Australian Wind Alliance

Carbon emissions way down in South Australia

Nick_Xenophon.jpgA myth bandied about sometimes is that wind farms don't reduce carbon emissions. It turns out not to be true; carbon emissions in wind-friendly South Australia, for example are right down, the Australian Wind Alliance has told the Senate Inquiry into Wind Turbines.

The question was asked to be answered on notice by committee member Nick Xenophon. We got this response to him.

Senator Xenophon’s question in full: “You raised the issue of life cycle figures for wind turbines. Does that take into account what appears to be thermal generators being on standby because if wind drops off they need to pick that up?”

Australian Wind Alliance response

The life cycle figures quoted in our submission reflect the amount of carbon dioxide equivalent (CO2e) emitted across its entire life from construction to decommissioning for each kilowatt hour of electricity dispatched by a wind turbine. The slightly old ISO-standard figures suggested around 12 grams CO2e/kWh while the more modern Vestas V112 turbine (installed at Macarthur Wind Farm in South Western Victoria) emits as little as 6 g CO2e/kWh.

In the Australian context, this compares to an average of 922g CO2e/kWh emitted through the operations of the National Electricity Market’s entire generating fleet. This figure reflects only emissions from operations. To compare like for like, total life cycle emissions for the NEM grid would be much higher once emissions for construction, materials, decommissioning, etc were taken into account.

If a kilowatt hour of wind energy displaced a kilowatt hour from our existing grid you would see emissions reduce from at least 922g to 6g CO2e/kWh for that kilowatt hour.

Senator Xenophon’s question goes to the amount of coal or gas power that is actually displaced by wind power, taking into account the need for thermal generators being on standby or ‘cycling’ beyond what they would normally do in a grid without wind energy.

The Inquiry has heard evidence that what is required to properly answer this question is to analyse actual emissions data at short time intervals from coal-fired power stations. Just such a study was conducted in 2013 by America’s National Renewable Energy Laboratory (NREL) using hourly emissions data from nearly every power plant in the Western U.S. It was reviewed by 55 experts including representatives from eight utilities.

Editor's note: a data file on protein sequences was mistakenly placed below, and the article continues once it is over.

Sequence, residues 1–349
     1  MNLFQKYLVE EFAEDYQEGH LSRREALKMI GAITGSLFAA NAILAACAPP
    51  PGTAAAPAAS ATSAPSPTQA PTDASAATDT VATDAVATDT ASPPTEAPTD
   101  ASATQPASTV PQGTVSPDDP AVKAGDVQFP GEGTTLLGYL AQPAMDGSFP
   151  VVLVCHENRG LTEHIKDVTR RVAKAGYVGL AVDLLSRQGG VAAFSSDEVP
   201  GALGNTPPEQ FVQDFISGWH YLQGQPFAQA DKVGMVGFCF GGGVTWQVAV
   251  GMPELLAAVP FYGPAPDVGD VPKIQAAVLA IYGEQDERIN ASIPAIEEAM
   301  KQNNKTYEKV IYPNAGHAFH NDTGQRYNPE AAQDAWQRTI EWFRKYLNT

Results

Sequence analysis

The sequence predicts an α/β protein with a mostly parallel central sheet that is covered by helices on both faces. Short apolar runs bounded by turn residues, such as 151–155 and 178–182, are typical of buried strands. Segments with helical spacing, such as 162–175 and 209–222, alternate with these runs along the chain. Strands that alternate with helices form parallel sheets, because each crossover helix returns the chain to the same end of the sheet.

This study found that the emissions cost of cycling was ‘negligible’ and that a ‘high wind scenario’ of 25% wind and 8% solar produced a 29% - 34% decrease in CO2 emissions. That is, 1 kWh of wind (or solar) generation displaces almost all the emissions from the coal- and gas- fired power stations that remain in the grid, even when cycling is taken into account.

Research regarding the real-world example of South Australia quoted in our submission (Osmond and Osborne) provides a similar result, finding that an increase in wind generation from 6% to 28% in that state between 2005/06 and 2012/13 reduced emissions by 34%. One a one-for-one basis, one kilowatt hour of wind energy displaced over 1kg of CO2e emissions.

 

2005/06

2012/13

Total Demand (GWh)

13700

13900

Total Wind generation (GWh)

765

3487

% of total generation

5.6%

25.1%

Additional Wind generation (GWh)

 

2722

Emissions (KT CO2e)

9340

6200

Change in emissions (KT CO2e)

 

-3140

Emissions change per additional unit of wind generation (KT CO2e/GWh)

 

-1.15

Together, these two pieces of research suggests that wind energy, even at high penetration levels, does indeed displace the full emissions of the coal and/or gas fired power it replaces.

The Australian Wind Alliance also made a more detailed written submission to the inquiry.

 


Showing 1 reaction

  • published this page in Blog 2015-06-09 15:13:09 +1000